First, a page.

Merck, the FDA, and the Vioxx Recall
Back in 2005, Merck was described as a unique force in the pharmaceutical industry; its leadership in profits, sales, assets, and market value was recognized by investors and respected by competitors. Society in general had a favorable reception for the company due to their different acts of generosity, like the eternal donation of Mectizan to patients suffering of red blindness. In addition, the company has demonstrated high ethical standards together with high levels of responsibility to society positioning the company in a privileged position where professionals and consumers where equally please.
Later in 2006 everything started to change for Merck; the company’s stellar positioned was shaken by the imminent recall of one of its best sellers, a “blockbuster drug” under the name of Vioxx. This prescription painkiller has been under clinical study for a period of three years and it has been reported that the drug could cause an increment in heart attacks and strokes among users.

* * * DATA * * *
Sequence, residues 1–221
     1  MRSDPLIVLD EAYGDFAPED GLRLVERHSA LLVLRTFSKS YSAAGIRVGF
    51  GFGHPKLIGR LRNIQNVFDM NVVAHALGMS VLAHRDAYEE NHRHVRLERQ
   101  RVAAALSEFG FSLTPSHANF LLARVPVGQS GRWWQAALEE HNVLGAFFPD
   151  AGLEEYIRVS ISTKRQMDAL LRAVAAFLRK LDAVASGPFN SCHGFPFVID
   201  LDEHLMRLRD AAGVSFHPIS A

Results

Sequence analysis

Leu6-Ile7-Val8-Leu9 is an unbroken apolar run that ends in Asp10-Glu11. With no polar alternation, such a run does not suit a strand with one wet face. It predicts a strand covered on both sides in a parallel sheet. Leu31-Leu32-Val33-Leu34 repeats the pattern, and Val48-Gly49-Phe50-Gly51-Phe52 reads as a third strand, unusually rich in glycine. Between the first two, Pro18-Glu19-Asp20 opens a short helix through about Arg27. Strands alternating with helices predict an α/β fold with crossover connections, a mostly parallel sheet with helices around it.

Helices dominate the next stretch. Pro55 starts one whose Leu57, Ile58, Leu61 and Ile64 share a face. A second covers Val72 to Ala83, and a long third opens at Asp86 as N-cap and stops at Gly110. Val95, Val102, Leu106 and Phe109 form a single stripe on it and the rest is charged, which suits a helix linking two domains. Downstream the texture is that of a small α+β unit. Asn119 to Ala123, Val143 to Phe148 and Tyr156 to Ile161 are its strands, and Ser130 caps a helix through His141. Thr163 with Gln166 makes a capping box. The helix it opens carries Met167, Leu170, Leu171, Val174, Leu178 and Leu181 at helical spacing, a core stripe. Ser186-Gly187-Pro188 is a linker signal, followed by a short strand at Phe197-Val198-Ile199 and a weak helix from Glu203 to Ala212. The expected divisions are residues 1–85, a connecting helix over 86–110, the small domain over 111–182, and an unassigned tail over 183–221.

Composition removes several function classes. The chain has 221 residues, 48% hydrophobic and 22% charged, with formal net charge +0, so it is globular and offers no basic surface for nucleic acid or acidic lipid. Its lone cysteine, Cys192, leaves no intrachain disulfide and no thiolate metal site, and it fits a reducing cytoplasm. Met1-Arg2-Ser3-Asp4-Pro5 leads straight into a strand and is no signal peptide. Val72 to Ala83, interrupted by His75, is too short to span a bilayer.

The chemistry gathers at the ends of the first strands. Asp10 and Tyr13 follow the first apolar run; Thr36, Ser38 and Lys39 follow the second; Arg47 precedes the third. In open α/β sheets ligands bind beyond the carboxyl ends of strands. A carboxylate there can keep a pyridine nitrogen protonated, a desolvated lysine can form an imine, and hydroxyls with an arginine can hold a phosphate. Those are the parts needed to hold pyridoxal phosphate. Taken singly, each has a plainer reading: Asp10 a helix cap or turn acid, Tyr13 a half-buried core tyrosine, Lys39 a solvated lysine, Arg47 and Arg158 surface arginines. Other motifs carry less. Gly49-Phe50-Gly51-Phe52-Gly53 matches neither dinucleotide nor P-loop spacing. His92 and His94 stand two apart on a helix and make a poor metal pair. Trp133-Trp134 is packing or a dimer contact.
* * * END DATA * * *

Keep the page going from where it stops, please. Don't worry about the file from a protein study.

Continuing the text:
Immediately after the recall of Vioxx, the company started to receive all kinds of criticisms and accusations that escalated to multiple law suits, losses in share value, reputation damage and more. The company’s integrity was questionable by everyone including the Justice Department and the Securities and Exchange Commission.
Merck was obligated to confront an innumerable amount of allegations for deceiving consumers, investors, the government and others. Many of the company’s practices were carefully dissected by interested parties that were trouble by the company’s unethical behavior. The company’s level of culpability needed to be proven by analyzing different processes’ efficacy and reliability; such processes include marketing, advertising, development, testing and drug recall.
Pharmaceutical companies are able to sell generic and/or brand...
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